He started teaching in Beaudesert, and met his wife Sarah, “a strong and constant inspiration”, and, after some other jobs, he joined St Stephen’s.
Two years in and he loves it.
Without a parish church nearby, Luke focused on a program that nourished the children’s faith lives through sacramentality, outreach, prayerfulness and formation.
He said he had personally seen changes in the students.
The program included Eucharistic adoration and engaging with the Word.
“If it’s allowed one child to have a deeper understanding of what living a sacramental life is, or be more interested in learning who Jesus is in their lives, I would call that success,” he said.
Luke said spreading the Gospel was not his original reason to get into teaching.
“In those years before 2010, anyone who did know me would say, ‘Luke’s a really good guy’,” he said.
Luke was “humanistic and social justice-minded”, concerned with his carbon footprint and making sure his clothes were sourced from slavery-free chains.
“I was kind to people and nice to people but interiorly, I was living such a selfish life and a lot of my motives were heavily influenced by a desire to want to look good and want to feel good about myself,” he said.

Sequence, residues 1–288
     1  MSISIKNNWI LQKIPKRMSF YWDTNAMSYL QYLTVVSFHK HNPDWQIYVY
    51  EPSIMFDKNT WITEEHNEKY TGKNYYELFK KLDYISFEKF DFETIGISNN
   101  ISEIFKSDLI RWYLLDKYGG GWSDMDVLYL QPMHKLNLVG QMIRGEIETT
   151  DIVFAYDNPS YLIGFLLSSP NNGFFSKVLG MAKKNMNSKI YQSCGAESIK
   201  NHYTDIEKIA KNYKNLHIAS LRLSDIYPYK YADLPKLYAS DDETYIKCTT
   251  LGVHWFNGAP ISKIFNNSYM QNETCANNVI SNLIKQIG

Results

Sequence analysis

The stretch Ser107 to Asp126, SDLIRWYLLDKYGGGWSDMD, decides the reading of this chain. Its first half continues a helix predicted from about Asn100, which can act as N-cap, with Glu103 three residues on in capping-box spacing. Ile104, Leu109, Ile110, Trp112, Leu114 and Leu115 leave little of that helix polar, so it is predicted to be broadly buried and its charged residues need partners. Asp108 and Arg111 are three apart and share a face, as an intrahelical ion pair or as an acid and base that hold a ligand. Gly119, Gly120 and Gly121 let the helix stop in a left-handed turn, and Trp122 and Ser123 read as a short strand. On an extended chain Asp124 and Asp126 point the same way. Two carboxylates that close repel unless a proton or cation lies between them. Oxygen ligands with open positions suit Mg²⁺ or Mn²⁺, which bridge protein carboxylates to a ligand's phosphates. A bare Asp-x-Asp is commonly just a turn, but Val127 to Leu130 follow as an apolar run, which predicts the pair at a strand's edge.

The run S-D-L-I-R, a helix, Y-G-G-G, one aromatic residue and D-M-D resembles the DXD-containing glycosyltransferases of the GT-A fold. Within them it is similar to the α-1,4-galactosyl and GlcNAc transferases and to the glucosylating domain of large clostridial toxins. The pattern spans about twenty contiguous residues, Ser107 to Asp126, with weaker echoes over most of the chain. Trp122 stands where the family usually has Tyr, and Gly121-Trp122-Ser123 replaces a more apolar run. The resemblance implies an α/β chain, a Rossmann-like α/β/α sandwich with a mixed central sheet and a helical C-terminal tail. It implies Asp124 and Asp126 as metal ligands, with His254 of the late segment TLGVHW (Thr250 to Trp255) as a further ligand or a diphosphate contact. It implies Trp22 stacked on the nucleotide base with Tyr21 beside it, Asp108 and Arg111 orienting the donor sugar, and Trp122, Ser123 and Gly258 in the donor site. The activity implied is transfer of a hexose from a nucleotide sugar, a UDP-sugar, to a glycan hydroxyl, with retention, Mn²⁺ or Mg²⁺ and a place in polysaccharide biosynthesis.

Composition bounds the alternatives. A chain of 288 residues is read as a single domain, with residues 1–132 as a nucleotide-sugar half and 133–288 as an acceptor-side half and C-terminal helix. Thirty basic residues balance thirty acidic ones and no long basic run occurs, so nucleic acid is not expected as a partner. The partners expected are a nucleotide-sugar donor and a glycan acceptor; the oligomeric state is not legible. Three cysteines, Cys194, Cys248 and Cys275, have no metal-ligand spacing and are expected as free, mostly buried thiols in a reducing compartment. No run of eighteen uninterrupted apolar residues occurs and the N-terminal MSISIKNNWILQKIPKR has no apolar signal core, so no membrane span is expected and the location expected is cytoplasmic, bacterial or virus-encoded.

“Before, I was at the centre of that rose window and everything was around it.
“Now, Jesus is at the at centre, and everything in my life is around Him.”
And it came at a cost.
“I’d say I’ve lost more friends becoming Christian, people who think I’m bigoted, narrow-minded, all those sorts of things because of my faith,” he said.
“Which is sad, when in actual fact, God has just shifted my whole purpose and focus in life from me to Him.”
Teaching now was easy.
“I think when you know what the message is and you know how helpful it is, from your own experience but also from the experience you see in others, the witness you see in other people’s lives, the way that people are changed and the way people are living their lives to the full through their relationship with Jesus, it’s worth sharing,” he said.
Luke said he was recently listening to atheist biologist Dr Richard Dawkins and podcaster Joe Rogan talk about the Bible, and their fundamentalist reading of it astounded him.
“Any sensible person reads the Bible in its full context, and the values that come out of the Bible that we’re all made in the image and likeness of God – those values weren’t around in any ancient Greek philosophy,” he said.
“That’s an incredible philosophy, that every person you see is made in the image and likeness of God.
“And who is God? God is pure love.
“When you’re looking at someone else, anyone, you’re looking at love manifest in the world.
“To live by that value alone is just so life-giving, that’s what Jesus talks about when he says, ‘I have come that you may have life and have it to the full’.
“Those values are worth sharing.”
Luke said it was a blessing to see those values manifest in children’s lives at his school.
The Black Madonna might have granted him his wish after all.